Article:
Are Americans more susceptible to depression or are they just less able to handle the frustrations that come with daily life? Certainly the antidepressant is not new, but it seems to have in many ways become a staple within a newly defined food group, a food group that includes our daily multi vitamin followed by the SSRI of our choice. Within my circle of friends, acquaintances and coworkers I am hard pressed to find one that is not on a medication for depression, anxiety or both. They seem to truly believe their medications enable them to lead a more productive and less stressful lives, yet the evidence of this transformation is not clearly visible. I work in the pharmaceutical industry and I have seen entire families on antidepressants and anxiety medication. One has to ask, how does this happen and does it have to?

While I do not dispute that there are many who may truly need medication, such as the severely depressed, suicidal and psychotic, there are just as many who have bought into the belief that mild depression and occasional anxiety and work related stress are factors only controllable through the use of antidepressants. We as a society want a quick fix and we have bought into the hype, the commercials that show us attractive people unable to enjoy the daily pleasures of living, a virtual before and after look at the magical awakening experienced by those willing to take that first step to the local pharmacy. We listen to the long list of possible side effects, but are willing to gamble on the hope that we will be able to live a fully joyous life like those portrayed in the commercials. We seem to want a quick fix, instant gratification and if a pill might bring it, why not, we tell ourselves.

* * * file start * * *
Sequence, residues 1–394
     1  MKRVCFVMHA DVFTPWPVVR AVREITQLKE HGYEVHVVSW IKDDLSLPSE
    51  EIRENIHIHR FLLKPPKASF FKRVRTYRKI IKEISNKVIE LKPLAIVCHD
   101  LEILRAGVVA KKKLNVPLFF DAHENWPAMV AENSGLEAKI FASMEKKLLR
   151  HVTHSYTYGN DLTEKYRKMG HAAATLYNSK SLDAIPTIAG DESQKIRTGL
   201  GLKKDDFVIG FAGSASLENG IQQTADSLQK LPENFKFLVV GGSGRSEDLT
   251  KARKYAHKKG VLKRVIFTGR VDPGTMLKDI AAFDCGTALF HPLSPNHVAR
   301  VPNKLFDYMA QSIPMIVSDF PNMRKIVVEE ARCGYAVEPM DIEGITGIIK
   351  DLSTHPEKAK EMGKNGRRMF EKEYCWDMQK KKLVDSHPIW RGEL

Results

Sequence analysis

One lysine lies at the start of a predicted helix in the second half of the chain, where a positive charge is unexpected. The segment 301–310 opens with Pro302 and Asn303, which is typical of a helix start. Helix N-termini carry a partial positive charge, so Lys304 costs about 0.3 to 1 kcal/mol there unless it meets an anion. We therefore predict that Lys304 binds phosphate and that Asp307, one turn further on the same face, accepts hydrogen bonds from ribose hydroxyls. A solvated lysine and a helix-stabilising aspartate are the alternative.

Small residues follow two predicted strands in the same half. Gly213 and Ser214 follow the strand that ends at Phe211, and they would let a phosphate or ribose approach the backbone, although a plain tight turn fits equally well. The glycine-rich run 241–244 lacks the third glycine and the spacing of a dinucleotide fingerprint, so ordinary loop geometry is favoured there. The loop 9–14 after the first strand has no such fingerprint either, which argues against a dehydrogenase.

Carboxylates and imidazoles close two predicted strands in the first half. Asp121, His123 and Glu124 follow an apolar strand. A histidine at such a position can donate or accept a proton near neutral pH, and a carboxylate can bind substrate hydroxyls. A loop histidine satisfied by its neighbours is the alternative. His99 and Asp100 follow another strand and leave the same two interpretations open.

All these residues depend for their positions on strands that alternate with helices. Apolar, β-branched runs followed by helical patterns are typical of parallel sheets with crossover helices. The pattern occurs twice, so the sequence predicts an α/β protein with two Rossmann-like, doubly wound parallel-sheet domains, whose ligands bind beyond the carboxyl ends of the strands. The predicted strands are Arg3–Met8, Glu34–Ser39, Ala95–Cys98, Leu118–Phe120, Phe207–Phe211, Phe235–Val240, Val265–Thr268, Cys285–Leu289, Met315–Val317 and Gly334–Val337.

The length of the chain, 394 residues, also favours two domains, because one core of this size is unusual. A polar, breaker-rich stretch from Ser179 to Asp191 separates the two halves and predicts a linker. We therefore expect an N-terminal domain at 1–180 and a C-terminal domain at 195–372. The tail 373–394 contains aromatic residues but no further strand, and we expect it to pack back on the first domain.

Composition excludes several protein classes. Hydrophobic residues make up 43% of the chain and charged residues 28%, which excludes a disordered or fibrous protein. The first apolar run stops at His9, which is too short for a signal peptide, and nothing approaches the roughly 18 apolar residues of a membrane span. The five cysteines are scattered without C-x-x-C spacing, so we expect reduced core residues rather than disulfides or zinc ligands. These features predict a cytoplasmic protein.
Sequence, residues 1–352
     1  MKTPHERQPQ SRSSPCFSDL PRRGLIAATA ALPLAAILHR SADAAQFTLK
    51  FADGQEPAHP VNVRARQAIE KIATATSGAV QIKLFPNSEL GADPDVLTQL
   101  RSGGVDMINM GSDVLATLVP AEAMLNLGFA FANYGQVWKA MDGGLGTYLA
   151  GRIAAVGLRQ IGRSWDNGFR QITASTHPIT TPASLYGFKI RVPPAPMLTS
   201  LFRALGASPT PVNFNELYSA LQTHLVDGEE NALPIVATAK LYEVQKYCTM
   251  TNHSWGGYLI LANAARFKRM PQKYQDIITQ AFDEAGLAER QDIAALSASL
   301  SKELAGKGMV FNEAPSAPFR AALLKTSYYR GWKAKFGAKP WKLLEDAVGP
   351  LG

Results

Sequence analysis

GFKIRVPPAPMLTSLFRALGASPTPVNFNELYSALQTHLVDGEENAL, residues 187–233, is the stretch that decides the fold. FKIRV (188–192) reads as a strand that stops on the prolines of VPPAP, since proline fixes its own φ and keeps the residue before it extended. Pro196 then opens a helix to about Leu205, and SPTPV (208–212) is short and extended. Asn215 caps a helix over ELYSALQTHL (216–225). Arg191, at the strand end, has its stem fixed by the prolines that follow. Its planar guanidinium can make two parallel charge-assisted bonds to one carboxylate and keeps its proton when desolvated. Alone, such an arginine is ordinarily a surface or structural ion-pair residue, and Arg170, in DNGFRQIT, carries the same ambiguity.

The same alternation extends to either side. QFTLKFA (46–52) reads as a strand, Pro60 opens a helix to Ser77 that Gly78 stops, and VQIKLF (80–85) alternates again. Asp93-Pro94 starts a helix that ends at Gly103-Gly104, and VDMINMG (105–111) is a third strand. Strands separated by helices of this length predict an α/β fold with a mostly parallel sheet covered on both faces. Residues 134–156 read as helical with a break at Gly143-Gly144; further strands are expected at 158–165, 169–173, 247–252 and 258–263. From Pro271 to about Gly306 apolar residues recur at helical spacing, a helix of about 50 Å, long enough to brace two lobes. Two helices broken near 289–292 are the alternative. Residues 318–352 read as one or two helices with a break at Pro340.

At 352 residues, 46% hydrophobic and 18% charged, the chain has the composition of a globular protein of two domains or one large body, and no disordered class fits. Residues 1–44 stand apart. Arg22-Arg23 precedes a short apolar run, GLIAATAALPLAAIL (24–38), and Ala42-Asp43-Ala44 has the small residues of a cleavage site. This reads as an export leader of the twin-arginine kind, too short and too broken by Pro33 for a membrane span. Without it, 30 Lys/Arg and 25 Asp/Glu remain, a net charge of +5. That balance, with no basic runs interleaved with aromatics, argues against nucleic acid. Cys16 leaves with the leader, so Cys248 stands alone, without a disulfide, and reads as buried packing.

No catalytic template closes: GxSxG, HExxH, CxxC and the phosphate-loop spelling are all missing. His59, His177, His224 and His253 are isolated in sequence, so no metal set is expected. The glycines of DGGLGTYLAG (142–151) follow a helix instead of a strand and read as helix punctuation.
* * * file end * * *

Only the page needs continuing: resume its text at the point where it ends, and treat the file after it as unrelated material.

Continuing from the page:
Who can forget Tom Cruise and his verbal crucification of Brooke Shields use of antidepressants due to her bout with postpartum depression? I recall he proposed a proper diet and exercise as an appropriate remedy at the time. Certainly, no one other than a physician can make such a determination, but in all fairness to Tom, I think he simply overreacted due to his personal faith and religious philosophy.

Ecotherapy seems to be popular in many parts of Europe. This involves the prescription of long walks in green ecofriendly environments. Perhaps one might consider a long leisurely stroll through Central Park as a possible alternative, preferably during daylight hours. Let's face it, the pharmaceutical industry is big and getting bigger and there is obviously big money to be made in this billion dollar industry, but we should ask ourselves, what we are gaining other than a momentary reprieve and the inability to accept the harsh reality that life is rarely easy.

Author's Bio: 

I'm a freelance writer and former New Yorker now living in New Mexico. I have a legal background and at one time wrote a legal column called "The Legal Eye", for a once prominent internet service. I am currently in the healthcare field. I'm a big fan of the late Erma Bombeck and enjoy the rantings of New York Times columnist Maureen Dowd.